The U.S. Air Force recently announced that it was going to reissue a request for proposals for the Light Air Support (LAS) aircraft. This was supposed to be a relatively simple, off-the-shelf aircraft that could be used by U.S. allies such as the fledgling Afghan Air Force. To allow enough time to get the aircraft into the field and train the Afghans, the first LAS had to be built and deployed by Spring 2013.
For those of you who haven’t been following this saga, two teams competed for the contract, one led by Hawker Beechcraft and the other by Sierra Nevada Corporation. Last year, the Air Force first disqualified Hawker Beechcraft and then awarded a contract for 20 LAS to Sierra Nevada. Hawker protested to the Government Accountability Office unsuccessfully, and then sued in federal court. In January of this year the Air Force did an about face. It announced that the documentation on which it relied in making the decision to disqualify Hawker Beechcraft was inadequate and cancelled the contract with Sierra Nevada.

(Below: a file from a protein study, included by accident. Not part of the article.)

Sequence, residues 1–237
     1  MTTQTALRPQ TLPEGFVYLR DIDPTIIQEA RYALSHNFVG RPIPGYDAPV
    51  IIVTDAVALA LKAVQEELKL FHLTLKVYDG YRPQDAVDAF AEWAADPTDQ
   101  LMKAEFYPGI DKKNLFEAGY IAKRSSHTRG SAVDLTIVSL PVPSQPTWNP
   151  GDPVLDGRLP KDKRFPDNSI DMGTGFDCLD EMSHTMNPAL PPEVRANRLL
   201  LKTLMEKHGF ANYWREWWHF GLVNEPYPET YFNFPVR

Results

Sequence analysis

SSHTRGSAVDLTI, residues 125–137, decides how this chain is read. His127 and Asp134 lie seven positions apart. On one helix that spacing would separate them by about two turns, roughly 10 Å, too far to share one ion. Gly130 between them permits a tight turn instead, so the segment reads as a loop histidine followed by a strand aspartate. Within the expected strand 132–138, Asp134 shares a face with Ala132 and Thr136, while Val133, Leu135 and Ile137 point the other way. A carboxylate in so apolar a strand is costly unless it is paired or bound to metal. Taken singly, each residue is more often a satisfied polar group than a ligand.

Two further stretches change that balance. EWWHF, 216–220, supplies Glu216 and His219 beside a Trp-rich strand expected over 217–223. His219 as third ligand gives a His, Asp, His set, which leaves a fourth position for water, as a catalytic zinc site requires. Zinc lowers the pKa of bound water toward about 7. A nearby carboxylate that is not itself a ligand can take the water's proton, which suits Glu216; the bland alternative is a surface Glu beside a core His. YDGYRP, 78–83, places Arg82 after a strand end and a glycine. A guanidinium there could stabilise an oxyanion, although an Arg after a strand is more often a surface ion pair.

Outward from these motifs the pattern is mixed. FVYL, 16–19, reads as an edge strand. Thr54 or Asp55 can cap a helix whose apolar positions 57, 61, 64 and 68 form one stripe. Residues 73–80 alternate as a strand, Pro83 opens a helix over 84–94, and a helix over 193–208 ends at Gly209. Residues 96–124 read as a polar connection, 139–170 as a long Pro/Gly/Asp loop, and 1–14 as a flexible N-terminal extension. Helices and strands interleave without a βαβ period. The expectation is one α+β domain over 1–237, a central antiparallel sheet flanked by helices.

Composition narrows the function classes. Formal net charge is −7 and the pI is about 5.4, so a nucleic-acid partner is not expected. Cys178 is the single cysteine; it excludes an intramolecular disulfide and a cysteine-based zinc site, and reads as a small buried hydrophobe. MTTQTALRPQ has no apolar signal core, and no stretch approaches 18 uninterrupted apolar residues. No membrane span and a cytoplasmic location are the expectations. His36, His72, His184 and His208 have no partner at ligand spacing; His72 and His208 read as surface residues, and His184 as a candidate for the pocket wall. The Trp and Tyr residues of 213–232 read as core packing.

Now, having lost four to six months and wasted lots of government and corporate money, the Air Force is about to start over again. Unfortunately, by the time the new RFP is released, new proposals written by the same two teams, a new award made and a contract negotiated, another three to four months will have gone by.
One outstanding issue is whether or not the Air Force will require a performance demonstration as part of the new competition. It would seem to make sense to ask the two teams to prove that their offerings will actually perform as advertised.
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